Using Instagram to Deliver a Theory-based Wellness Interventi ...

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Abstract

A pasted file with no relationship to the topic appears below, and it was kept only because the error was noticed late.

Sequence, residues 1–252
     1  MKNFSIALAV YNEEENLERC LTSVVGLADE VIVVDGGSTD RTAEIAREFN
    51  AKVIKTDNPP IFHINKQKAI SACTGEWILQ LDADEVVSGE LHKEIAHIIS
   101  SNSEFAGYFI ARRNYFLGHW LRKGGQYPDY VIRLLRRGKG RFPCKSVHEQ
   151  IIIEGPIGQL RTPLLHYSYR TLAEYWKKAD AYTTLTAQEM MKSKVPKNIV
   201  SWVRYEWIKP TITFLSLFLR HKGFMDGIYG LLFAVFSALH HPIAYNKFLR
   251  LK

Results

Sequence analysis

Objective: With a high number of users, social networking sites (SNS), such as Instagram, have the potential to serve as a tool to dispense health information and promote health. This pilot study examines the effect of a four-week wellness intervention on Instagram users with targeted posts regarding fitness, nutritious eating, and self-care behavior change. Methods: A review of best practices in Instagram posts was conducted to create daily posts relating to Theory of Planned Behavior constructs for the wellness areas of fitness, nutritious eating, and self-care. The intervention group (N = 22) and control group (N = 11) were assessed pre and post test using a Theory of Planned Behavior survey. Results: At post-test, self-care intention for the intervention group was significantly higher compared to the control. However, there was not a significant difference between the intervention group and control for engaging in actual self-care behaviors reported at post-test. There were no significant differences between the groups for other constructs pre to post-test. User engagement or lack of engagement with posts did not relate to any differences in constructs at post-test. Conclusion: A wellness intervention delivered through Instagram did not impact health behaviors over a four-week period in the intervention group compared to the control group. Future research should continue examining if SNS interventions, specifically changing what users see and interact with, can influence health behavior outcomes. This pilot study also provides an example of a theory-based intervention that can be tailored to examine effects on behavior change in other populations.